Moving forward, we actually come to Ehwaz. I know I said Berkana before, but no, that isn’t correct. It is just Ehwaz. As I said before, Ehwaz is the horse. It is fast money. The expendable kind, that comes quickly and goes quickly.

No Inguz. Sorry, not gonna happen.

Aethel of course is Property, Land and Inheritance. Those things that you can get from relatives, or if you acquire the first two on your own, you may want to give to relatives some day.

So, here are the surprises to me.

Yr is a rune of wealth, as it represents skill, ability and tools. A skilled crafter with the right equipment can stand to make a fortune, or at least do well. The same goes for a skilled salesperson, or a skilled waiter or waitress, or really any profession. Everything has it’s own skill set, and the capable person who can put that skill set to good use is always favored and able to make a living.

Kalk is the next audh-runar. In this case, it is the cup of victory and achievement. Think, like the Stanley Cup, or a Trophy. You could also think of an Olympic Gold Medal, yes, it’s not a cup, but still, pretty valuable. What comes with that kind of attainment is favors, honors and recognition. In this day an age, successful athletes get promotional opportunities, where they are paid for their fame, and other boons and gifts bestowed on them for their hard work that has paid off.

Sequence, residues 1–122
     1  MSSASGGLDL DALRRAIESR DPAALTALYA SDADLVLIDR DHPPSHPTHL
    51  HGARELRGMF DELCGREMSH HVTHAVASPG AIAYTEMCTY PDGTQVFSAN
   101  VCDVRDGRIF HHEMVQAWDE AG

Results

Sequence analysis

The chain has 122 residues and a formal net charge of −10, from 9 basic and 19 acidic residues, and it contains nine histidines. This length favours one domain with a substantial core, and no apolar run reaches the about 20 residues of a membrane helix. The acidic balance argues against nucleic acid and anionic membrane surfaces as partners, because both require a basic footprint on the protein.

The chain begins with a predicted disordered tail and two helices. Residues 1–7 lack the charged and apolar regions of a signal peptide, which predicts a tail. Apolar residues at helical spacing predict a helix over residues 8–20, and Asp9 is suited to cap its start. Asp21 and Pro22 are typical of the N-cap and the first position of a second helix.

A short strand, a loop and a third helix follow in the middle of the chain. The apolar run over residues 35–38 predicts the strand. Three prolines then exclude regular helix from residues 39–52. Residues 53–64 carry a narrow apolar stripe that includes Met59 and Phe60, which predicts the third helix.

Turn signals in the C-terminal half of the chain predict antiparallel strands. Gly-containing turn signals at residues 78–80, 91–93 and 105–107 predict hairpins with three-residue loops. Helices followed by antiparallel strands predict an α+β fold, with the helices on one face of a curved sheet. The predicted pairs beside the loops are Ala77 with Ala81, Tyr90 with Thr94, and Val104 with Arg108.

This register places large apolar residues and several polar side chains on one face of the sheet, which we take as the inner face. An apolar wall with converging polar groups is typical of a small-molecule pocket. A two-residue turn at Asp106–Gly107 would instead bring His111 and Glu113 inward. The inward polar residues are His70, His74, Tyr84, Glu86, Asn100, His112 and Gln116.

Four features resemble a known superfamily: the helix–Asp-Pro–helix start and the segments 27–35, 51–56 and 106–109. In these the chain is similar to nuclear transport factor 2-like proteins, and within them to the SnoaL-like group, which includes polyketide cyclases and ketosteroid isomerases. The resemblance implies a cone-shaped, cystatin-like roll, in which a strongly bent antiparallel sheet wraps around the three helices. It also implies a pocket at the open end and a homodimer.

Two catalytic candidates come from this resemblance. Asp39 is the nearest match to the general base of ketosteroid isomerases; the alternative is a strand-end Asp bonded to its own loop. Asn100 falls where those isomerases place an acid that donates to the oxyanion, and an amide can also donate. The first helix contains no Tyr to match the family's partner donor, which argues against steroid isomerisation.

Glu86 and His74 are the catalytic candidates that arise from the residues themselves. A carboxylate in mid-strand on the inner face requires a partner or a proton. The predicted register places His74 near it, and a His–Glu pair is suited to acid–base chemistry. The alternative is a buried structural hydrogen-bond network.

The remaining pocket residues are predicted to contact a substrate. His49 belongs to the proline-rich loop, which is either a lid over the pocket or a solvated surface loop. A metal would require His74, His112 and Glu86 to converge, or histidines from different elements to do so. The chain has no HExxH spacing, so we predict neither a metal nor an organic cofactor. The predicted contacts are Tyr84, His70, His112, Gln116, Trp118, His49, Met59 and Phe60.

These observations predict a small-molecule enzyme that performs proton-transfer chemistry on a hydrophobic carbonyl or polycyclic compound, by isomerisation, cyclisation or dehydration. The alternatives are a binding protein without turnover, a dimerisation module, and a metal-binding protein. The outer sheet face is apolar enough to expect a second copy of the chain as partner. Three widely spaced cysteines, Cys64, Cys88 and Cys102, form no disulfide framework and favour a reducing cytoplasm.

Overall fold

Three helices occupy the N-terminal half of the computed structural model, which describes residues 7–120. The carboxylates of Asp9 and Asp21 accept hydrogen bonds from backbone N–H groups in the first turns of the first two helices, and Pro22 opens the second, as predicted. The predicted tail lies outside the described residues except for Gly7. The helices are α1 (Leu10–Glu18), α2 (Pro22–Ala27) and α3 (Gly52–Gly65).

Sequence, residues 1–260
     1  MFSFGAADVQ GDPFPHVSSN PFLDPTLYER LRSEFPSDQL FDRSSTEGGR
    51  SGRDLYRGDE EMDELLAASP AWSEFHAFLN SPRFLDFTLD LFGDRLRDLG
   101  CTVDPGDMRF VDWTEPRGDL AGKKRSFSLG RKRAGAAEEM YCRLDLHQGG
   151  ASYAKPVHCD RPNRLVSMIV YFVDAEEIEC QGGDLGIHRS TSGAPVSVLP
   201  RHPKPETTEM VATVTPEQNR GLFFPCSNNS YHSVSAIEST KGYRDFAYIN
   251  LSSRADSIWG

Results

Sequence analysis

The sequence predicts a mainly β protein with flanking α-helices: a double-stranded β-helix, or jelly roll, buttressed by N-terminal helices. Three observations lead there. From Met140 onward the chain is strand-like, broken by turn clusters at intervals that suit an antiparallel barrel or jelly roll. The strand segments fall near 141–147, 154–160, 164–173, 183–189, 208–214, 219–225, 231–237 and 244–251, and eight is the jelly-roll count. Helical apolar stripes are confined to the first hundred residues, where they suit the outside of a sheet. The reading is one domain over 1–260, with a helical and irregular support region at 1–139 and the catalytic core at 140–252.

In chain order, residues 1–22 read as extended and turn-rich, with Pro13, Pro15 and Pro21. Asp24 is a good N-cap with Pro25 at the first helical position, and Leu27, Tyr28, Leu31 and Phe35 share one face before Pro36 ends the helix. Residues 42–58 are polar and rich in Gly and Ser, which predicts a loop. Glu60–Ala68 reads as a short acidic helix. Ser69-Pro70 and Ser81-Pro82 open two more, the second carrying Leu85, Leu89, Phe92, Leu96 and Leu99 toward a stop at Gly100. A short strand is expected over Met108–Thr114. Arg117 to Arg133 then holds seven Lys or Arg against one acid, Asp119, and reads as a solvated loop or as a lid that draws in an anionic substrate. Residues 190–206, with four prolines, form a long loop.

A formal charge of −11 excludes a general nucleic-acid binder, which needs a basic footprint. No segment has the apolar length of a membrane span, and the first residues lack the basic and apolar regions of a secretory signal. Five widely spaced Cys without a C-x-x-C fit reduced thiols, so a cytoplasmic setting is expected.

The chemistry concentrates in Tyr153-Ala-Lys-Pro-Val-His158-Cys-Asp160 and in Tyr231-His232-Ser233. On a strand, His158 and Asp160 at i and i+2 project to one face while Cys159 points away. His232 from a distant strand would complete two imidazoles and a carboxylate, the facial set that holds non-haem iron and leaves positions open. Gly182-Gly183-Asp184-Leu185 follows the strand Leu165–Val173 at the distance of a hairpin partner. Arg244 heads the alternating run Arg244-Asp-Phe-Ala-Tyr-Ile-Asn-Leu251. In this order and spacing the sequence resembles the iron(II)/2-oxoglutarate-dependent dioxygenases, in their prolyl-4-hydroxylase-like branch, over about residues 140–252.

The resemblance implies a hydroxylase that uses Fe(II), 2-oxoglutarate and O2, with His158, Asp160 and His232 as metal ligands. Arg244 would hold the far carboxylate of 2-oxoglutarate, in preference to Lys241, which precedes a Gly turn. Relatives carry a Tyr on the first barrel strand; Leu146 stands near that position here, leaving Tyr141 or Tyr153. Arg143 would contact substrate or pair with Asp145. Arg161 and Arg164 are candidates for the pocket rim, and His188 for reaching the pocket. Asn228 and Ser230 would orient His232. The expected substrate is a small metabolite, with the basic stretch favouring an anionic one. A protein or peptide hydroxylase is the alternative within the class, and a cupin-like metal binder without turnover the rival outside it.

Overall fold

The final one is Stan (pronounced Shtan, but I might just put the h in there in future spellings). Shtan means stone. This one made me wonder. But then I thought of valuable stone, from expensive marble or granite used in homes, to jewels that are rare and prized. I also feel this applies to rare metals from the earth, like silver and gold. Yes Feoh means gold too, but that gold to me has been forged and shaped, made into coins that can easily exchange hands. This metals might be simply finished, like large gold ingots, or still in raw ore form, that needs to be refined to extract the value. To me, that is part of the value, with items whose worth isn’t likely to change much over time, except maybe to grow in value.

I am going to spent the next 8 days working with these runes individually. Today I am working with Gebo, and I am curious to see what comes from this.